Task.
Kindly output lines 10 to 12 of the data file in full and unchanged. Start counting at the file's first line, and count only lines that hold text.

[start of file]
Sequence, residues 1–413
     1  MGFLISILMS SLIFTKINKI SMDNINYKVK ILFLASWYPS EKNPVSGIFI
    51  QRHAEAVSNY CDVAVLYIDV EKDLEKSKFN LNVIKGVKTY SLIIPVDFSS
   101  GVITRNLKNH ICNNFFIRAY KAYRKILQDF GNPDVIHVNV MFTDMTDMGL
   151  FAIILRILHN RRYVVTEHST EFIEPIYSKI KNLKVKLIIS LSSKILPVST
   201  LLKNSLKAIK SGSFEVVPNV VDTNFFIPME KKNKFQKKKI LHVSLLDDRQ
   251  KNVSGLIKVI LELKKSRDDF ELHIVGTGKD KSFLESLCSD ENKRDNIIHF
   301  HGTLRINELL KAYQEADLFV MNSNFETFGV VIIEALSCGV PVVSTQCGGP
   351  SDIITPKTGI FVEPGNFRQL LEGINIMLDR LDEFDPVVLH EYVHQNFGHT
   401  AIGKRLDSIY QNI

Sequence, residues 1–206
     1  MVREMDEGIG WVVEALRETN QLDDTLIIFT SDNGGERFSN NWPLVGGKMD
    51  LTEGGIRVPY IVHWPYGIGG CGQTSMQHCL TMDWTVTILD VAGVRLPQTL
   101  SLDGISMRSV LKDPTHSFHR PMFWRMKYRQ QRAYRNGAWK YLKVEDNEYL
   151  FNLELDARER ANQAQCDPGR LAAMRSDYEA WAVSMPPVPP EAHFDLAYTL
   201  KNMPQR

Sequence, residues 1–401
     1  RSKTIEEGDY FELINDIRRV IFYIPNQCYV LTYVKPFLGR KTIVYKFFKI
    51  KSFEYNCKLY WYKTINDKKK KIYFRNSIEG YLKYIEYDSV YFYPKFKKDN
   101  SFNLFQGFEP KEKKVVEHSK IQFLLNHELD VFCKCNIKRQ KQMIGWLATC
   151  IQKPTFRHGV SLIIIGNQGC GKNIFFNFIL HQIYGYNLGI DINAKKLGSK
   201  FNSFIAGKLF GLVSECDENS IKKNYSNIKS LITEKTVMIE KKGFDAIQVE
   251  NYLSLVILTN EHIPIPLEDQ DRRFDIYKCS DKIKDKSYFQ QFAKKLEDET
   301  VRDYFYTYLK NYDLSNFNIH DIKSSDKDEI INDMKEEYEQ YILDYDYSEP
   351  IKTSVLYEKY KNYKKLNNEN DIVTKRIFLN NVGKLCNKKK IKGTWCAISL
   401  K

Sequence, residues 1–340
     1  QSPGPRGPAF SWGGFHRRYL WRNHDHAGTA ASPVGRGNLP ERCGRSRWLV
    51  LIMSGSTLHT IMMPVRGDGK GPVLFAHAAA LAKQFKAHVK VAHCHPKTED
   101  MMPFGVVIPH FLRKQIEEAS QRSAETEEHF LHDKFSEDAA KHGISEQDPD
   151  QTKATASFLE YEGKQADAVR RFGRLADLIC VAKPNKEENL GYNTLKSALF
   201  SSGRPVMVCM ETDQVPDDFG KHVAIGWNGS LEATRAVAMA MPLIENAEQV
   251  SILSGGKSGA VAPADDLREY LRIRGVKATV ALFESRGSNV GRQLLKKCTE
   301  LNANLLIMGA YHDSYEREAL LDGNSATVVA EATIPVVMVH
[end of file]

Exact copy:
   401  AIGKRLDSIY QNI

Sequence, residues 1–206
     1  MVREMDEGIG WVVEALRETN QLDDTLIIFT SDNGGERFSN NWPLVGGKMD